Filipino expert urges American Catholics to rethink rhetoric on vaccines

“You’ve got American Catholics telling Catholics all over the world that receiving the vaccine is a ‘lesser evil,’ so you’re putting millions of my fellow Filipinos in an ethical dilemma,” said Dominican Father Nicanor Austriaco.

ROME – As American Catholics continue to wrangle over the morality of COVID-19 vaccines using stem cell lines remotely derived from aborted fetuses, one Filipino Dominican priest, who’s both a moral theologian and an MIT-trained molecular biologist, is pleading with them to consider the potentially dangerous global consequences of their rhetoric.

“You’ve got American Catholics telling Catholics all over the world that receiving the vaccine is a ‘lesser evil,’ so you’re putting millions of my fellow Filipinos in an ethical dilemma,” said Dominican Father Nicanor Austriaco, who teaches at Providence College in Rhode Island, and who’s currently on sabbatical helping to develop a low-cost and easy-to-use vaccine for his native country.

Father Nicanor Austriaco. (Credit: Photo courtesy of Dominican Friars Foundation.)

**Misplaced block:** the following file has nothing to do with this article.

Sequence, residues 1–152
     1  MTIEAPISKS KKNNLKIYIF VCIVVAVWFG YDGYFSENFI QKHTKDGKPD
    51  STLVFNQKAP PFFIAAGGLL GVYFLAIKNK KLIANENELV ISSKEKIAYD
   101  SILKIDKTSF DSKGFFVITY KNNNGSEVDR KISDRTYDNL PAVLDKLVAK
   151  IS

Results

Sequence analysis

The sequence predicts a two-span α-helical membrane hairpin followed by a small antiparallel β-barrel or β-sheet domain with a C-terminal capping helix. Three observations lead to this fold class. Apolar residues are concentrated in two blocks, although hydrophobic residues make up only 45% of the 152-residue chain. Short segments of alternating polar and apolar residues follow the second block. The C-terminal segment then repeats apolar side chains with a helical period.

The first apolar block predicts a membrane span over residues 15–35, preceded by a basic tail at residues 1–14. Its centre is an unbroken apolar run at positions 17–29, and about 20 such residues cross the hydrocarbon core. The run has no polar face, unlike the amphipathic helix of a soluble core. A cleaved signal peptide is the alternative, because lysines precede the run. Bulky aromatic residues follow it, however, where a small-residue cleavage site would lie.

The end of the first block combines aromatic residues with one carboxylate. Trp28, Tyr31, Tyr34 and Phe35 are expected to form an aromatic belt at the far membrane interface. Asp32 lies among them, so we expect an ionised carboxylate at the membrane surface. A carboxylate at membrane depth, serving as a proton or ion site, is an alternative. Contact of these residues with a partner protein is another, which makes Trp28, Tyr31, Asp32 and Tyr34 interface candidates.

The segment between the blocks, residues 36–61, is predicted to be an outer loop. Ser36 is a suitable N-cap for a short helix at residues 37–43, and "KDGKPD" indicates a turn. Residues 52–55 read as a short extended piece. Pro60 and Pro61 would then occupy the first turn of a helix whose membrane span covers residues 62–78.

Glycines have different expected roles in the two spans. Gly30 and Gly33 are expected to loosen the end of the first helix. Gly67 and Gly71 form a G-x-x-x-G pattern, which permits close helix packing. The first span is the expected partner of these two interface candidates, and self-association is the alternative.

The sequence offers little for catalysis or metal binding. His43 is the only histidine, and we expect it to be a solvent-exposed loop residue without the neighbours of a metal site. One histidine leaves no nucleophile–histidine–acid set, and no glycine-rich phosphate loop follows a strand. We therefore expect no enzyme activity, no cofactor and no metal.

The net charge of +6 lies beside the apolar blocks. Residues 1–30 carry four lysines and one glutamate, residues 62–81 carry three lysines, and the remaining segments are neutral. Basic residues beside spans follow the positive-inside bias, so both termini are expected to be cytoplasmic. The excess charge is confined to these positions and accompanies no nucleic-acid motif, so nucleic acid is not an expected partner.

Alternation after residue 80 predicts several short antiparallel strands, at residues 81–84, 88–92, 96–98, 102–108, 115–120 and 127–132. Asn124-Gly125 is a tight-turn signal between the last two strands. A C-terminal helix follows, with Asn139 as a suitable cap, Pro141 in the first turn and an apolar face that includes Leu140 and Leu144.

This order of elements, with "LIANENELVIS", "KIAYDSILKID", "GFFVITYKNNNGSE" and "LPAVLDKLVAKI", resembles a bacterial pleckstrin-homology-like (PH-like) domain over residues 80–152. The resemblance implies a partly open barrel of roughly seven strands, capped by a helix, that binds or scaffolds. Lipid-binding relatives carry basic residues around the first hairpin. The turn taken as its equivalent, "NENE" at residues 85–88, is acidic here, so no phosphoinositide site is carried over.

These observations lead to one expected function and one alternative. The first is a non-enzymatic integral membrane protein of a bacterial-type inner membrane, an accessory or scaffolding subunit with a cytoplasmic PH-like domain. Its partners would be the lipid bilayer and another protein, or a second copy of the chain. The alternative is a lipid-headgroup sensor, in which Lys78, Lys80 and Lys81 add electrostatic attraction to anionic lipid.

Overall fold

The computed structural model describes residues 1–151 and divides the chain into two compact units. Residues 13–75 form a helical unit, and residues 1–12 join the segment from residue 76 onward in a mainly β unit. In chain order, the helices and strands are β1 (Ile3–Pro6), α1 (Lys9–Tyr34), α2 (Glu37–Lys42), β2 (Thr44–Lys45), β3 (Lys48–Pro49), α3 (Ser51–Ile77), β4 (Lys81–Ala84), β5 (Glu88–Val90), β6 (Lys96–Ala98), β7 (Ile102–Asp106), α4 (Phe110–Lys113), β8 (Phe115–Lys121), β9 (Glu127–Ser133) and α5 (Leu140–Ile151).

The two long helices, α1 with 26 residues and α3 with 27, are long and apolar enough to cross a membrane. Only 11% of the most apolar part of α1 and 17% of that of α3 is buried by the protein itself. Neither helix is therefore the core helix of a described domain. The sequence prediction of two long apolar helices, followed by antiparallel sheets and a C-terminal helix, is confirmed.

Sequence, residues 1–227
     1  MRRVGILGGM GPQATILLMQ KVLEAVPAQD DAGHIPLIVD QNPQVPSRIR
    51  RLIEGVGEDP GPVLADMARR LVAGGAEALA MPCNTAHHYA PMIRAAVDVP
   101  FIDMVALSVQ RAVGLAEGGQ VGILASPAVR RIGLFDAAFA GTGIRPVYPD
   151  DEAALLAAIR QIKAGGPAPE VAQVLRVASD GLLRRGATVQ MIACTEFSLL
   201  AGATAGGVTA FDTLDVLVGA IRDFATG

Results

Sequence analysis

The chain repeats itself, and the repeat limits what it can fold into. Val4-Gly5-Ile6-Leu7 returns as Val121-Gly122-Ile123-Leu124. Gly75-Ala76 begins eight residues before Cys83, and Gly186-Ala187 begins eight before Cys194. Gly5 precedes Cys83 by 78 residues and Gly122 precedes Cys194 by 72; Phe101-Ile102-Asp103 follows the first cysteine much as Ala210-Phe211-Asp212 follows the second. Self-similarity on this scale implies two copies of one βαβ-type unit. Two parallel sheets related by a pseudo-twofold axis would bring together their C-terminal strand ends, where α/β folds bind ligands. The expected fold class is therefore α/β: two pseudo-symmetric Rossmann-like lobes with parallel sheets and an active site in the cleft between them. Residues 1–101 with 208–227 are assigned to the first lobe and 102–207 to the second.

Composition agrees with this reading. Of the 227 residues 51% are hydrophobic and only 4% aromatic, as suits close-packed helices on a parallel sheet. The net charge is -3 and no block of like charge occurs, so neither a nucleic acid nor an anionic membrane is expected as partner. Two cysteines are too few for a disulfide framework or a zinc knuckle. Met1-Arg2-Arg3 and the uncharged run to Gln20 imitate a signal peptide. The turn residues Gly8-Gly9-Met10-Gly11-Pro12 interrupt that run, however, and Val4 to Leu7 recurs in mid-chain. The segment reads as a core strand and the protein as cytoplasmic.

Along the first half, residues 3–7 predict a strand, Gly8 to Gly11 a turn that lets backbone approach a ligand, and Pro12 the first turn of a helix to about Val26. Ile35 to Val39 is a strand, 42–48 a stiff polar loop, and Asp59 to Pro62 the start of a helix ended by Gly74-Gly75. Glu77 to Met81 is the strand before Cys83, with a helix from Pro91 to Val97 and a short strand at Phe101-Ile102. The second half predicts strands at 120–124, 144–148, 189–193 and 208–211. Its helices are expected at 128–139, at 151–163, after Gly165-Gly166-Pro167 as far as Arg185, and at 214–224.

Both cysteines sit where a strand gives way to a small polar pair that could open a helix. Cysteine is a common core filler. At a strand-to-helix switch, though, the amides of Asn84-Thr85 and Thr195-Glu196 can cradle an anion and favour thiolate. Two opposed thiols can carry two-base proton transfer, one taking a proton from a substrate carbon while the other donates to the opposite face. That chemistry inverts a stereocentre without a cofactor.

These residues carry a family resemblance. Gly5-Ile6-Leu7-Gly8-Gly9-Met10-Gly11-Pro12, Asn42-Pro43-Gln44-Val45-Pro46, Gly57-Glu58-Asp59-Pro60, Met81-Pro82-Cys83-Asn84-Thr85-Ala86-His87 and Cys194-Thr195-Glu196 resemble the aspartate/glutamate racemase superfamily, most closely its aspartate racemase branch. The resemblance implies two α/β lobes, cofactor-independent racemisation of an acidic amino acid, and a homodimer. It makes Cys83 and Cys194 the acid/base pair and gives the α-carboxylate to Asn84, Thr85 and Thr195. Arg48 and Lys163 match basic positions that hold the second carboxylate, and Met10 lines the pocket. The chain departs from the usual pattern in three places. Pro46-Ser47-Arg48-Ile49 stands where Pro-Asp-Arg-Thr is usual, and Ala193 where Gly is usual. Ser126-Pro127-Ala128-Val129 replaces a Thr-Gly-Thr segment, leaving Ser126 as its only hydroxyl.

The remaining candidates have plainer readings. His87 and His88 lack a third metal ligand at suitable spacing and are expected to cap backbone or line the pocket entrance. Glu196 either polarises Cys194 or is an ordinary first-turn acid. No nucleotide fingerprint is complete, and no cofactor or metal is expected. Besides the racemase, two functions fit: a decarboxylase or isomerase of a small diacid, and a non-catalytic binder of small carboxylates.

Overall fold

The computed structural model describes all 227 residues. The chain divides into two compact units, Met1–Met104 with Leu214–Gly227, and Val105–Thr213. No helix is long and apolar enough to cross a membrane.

“The Philippines is pro-life by constitution, and profoundly Catholic,” Austriaco said. “No one wants to participate in any evil, so when you categorize this as a ‘lesser evil’, what happens is that vaccine hesitancy skyrockets.”

Austriaco said that as echoes of the American debates arrive in the Philippines, as they did recently when the U.S. bishops warned that the new Johnson and Johnson vaccine draws on cell lines from aborted fetuses not only in testing but in production, he’s compelled to go on Filipino television to insist that doesn’t mean Catholics can’t get the shot.

“Not only is American society hoarding the vaccine, they’re making it intellectually, morally and psychologically difficult for significant numbers of other Catholics around the world who’re scrambling for the scraps of vaccines left over to actually take them,” Austriaco said.

To begin with, Austriaco said that in the case of several vaccines, the cell line utilized is called HEK-239, which was derived from an aborted fetus in the Netherlands in 1972-73. At the time, he said, abortion was still illegal in the Netherlands, and it’s entirely possible that the type of abortion involved wasn’t elective – it could have been a natural miscarriage, he said, or a “therapeutic” abortion performed to save the life of the mother.